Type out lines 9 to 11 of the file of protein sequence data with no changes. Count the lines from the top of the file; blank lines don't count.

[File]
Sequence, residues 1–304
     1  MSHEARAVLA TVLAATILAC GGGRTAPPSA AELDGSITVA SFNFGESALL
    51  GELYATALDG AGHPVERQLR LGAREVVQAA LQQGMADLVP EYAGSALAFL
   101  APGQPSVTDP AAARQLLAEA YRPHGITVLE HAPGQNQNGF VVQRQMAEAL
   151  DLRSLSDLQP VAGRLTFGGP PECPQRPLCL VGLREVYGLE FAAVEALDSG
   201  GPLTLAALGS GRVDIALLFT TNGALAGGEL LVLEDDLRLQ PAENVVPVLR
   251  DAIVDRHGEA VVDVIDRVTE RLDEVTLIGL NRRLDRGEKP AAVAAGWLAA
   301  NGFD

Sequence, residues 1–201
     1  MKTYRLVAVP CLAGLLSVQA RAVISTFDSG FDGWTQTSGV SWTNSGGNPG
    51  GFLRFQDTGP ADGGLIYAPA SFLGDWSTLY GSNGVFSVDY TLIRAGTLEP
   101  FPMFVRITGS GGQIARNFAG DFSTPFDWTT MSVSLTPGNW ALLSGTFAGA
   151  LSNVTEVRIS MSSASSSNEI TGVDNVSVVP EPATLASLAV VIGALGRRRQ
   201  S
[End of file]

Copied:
Sequence, residues 1–201
     1  MKTYRLVAVP CLAGLLSVQA RAVISTFDSG FDGWTQTSGV SWTNSGGNPG
    51  GFLRFQDTGP ADGGLIYAPA SFLGDWSTLY GSNGVFSVDY TLIRAGTLEP